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Appendix Figure 1. Plot of incremental costs versus incremental quality-adjusted life-years for aspirin versus no treatment; the diagonal line represents the incremental cost-effectiveness ratio of $50 000. Individual dots represent results for each of 1000 iterations of the model; quadrant 1 contains 69.80% of iterations, quadrant 2 contains 25.10%, quadrant 3 contains 1.20%, and quadrant 4 contains 3.90%. Cost-effectiveness acceptability curve for aspirin versus no treatment.
Results of probabilistic sensitivity analysis for men with a 10-year risk for CHD of 2.5%: aspirin versus no treatment.Top.Bottom.
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Appendix Figure 2. Plot of incremental costs versus incremental quality-adjusted life-years for aspirin versus no treatment; the diagonal line represents the incremental cost-effectiveness ratio of $50 000. Individual dots represent results for each of 1000 iterations of the model; quadrant 1 contains 32.80% of iterations, quadrant 2 contains 3.40%, quadrant 3 contains 6.50%, and quadrant 4 contains 57.30%. Cost-effectiveness acceptability curve for aspirin versus no treatment.
Results of probabilistic sensitivity analysis for men with a 10-year risk for CHD of 5%: aspirin versus no treatment.Top.Bottom.
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Appendix Figure 3. Plot of incremental costs versus incremental quality-adjusted life-years for aspirin versus no treatment; the diagonal line represents the incremental cost-effectiveness ratio of $50 000. Individual dots represent results for each of 1000 iterations of the model; quadrant 1 contains 0.3% of iterations, quadrant 2 contains 0.0%, quadrant 3 contains 4.6%, and quadrant 4 contains 95.1%.
Results of probabilistic sensitivity analysis for men with a 10-year risk for CHD of 10%: aspirin versus no treatment.
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Appendix Figure 4. Plot of incremental costs versus incremental quality-adjusted life-years for aspirin versus no treatment; the diagonal line represents the incremental cost-effectiveness ratio of $50 000. Individual dots represent results for each of 1000 iterations of the model; quadrant 1 contains 0.0% of iterations, quadrant 2 contains 0.0%, quadrant 3 contains 2.8%, and quadrant 4 contains 97.2%.
Results of probabilistic sensitivity analysis for men with a 10-year risk for CHD of 15%: aspirin versus no treatment.
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Appendix Figure 5. Plot of incremental costs versus incremental quality-adjusted life-years for aspirin versus no treatment; the diagonal line represents the incremental cost-effectiveness ratio of $50 000. Individual dots represent results for each of 1000 iterations of the model; quadrant 1 contains 0.0% of iterations, quadrant 2 contains 0.0%, quadrant 3 contains 2.8%, and quadrant 4 contains 97.2%.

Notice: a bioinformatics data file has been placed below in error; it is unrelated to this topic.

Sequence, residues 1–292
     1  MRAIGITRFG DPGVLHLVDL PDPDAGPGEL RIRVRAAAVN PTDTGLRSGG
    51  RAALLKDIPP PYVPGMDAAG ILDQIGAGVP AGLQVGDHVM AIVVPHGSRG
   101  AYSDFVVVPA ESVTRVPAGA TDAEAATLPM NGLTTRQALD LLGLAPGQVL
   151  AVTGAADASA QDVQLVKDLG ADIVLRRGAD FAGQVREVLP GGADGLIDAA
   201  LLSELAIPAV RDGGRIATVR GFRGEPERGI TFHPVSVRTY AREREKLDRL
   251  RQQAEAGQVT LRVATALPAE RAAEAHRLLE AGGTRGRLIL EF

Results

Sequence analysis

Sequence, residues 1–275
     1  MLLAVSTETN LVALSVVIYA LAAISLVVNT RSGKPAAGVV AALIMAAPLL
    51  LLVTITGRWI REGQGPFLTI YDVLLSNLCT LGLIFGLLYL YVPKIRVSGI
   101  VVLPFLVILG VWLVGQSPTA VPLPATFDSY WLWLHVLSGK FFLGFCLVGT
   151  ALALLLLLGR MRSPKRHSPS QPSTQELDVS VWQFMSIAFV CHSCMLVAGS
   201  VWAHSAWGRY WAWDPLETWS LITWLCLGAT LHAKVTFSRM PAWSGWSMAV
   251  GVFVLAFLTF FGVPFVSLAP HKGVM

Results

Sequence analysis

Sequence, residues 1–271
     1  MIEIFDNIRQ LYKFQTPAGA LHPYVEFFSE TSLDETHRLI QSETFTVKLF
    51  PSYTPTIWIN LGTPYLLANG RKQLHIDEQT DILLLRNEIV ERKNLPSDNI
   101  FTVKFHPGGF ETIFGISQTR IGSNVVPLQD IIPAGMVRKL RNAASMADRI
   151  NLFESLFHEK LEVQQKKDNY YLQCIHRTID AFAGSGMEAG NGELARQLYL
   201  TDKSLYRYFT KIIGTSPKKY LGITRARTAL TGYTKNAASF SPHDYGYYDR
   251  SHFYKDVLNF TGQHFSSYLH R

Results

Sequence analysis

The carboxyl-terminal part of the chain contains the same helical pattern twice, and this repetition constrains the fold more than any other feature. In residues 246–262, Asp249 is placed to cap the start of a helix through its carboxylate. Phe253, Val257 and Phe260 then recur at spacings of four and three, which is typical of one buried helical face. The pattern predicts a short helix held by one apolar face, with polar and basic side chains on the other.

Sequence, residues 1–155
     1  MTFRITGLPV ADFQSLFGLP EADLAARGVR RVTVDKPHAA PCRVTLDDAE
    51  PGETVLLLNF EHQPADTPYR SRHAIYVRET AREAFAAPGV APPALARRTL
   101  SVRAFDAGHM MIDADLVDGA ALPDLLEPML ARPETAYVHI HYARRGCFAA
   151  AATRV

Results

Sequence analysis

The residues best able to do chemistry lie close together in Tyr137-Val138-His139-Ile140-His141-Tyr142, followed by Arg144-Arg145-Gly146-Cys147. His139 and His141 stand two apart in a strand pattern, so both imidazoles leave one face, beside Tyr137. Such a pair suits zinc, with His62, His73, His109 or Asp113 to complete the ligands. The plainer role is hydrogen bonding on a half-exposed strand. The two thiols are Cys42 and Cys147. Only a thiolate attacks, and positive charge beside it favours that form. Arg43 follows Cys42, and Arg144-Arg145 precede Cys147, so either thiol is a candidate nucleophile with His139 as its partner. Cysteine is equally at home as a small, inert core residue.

Results of probabilistic sensitivity analysis for men with a 10-year risk for CHD of 25%: aspirin versus no treatment.
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Appendix Figure 6. Plot of incremental costs versus incremental quality-adjusted life-years for combination therapy with aspirin and a statin versus aspirin alone; the diagonal line represents the incremental cost-effectiveness ratio of $50 000. Individual dots represent results for each of 1000 iterations of the model; quadrant 1 contains 98.9% of iterations, quadrant 2 contains 1.1%, quadrant 3 contains 0.0%, and quadrant 4 contains 0.0%. Cost-effectiveness acceptability curve for combination therapy with aspirin and a statin versus aspirin alone.
Results of probabilistic sensitivity analysis for men with a 10-year risk for CHD of 10%: aspirin plus statin versus aspirin alone.Top.Bottom.
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Appendix Figure 7. Plot of incremental costs versus incremental quality-adjusted life-years for combination therapy with aspirin and a statin versus aspirin alone; the diagonal line represents the incremental cost-effectiveness ratio of $50 000. Individual dots represent results for each of 1000 iterations of the model; quadrant 1 contains 97% of iterations, quadrant 2 contains 3%, quadrant 3 contains 0%, and quadrant 4 contains 0%. Cost-effectiveness acceptability curve for combination therapy with aspirin and a statin versus aspirin alone.
Results of probabilistic sensitivity analysis for men with a 10-year risk for CHD of 15%: aspirin plus statin versus aspirin alone.Top.Bottom.
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Tables

References

Letters

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cost effectiveness of statins added to aspirin therapy
Posted on April 6, 2006
mark k chelmowski
Advanced Healthcare
Conflict of Interest: None Declared

Pignone, et. al. (1) concluded that adding a statin to aspirin therapy is cost effective then the CHD risk is greater than 10% (1). In their model, the authors used a yearly statin cost of $730., which was the average Red Book cost between 10mg of lovastatin and simvastatin.